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Rapid fear detection relies on high spatial frequencies

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Stein, T., Seymour, K., Hebart, M., & Sterzer, P. (2014). Rapid fear detection relies on high spatial frequencies. Psychological Science, 25(2), 566-574. doi:10.1177/0956797613512509.


Cite as: http://hdl.handle.net/21.11116/0000-0008-02B0-E
Abstract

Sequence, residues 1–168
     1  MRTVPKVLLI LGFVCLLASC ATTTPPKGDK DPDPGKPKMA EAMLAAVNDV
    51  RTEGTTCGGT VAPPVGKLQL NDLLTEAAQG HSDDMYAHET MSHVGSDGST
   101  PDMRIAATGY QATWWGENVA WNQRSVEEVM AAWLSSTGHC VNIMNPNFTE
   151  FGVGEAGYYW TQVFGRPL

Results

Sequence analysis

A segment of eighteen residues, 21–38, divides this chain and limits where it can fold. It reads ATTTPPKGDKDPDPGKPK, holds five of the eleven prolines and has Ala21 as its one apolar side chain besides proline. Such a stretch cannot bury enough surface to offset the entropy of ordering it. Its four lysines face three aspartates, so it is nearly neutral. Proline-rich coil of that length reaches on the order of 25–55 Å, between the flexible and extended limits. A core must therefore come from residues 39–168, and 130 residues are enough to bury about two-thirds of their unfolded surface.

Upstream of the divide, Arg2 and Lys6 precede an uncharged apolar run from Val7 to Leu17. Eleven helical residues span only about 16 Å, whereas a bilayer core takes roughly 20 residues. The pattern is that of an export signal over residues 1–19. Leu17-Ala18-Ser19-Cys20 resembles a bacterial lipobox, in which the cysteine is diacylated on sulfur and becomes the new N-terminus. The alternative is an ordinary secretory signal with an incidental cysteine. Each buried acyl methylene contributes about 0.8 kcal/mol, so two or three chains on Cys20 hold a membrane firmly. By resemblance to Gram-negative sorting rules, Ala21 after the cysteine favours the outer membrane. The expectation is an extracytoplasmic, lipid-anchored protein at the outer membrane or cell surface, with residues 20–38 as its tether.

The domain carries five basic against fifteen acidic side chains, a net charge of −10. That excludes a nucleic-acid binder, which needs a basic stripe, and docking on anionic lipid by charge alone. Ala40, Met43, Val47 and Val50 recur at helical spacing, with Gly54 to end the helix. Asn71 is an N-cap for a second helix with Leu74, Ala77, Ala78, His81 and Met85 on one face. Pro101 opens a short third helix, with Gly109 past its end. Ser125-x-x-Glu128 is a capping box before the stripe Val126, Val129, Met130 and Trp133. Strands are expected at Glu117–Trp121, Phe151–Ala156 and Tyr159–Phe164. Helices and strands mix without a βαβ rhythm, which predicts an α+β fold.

Signals of threat—such as fearful faces—are processed with priority and have privileged access to awareness. This fear advantage is commonly believed to engage a specialized subcortical pathway to the amygdala that bypasses visual cortex and processes predominantly low-spatial-frequency information but is largely insensitive to high spatial frequencies. We tested visual detection of low- and high-pass-filtered fearful and neutral faces under continuous flash suppression and sandwich masking, and we found consistently that the fear advantage was specific to high spatial frequencies. This demonstrates that rapid fear detection relies not on low- but on high-spatial-frequency information—indicative of an involvement of cortical visual areas. These findings challenge the traditional notion that a subcortical pathway to the amygdala is essential for the initial processing of fear signals and support the emerging view that the cerebral cortex is crucial for the processing of ecologically relevant signals.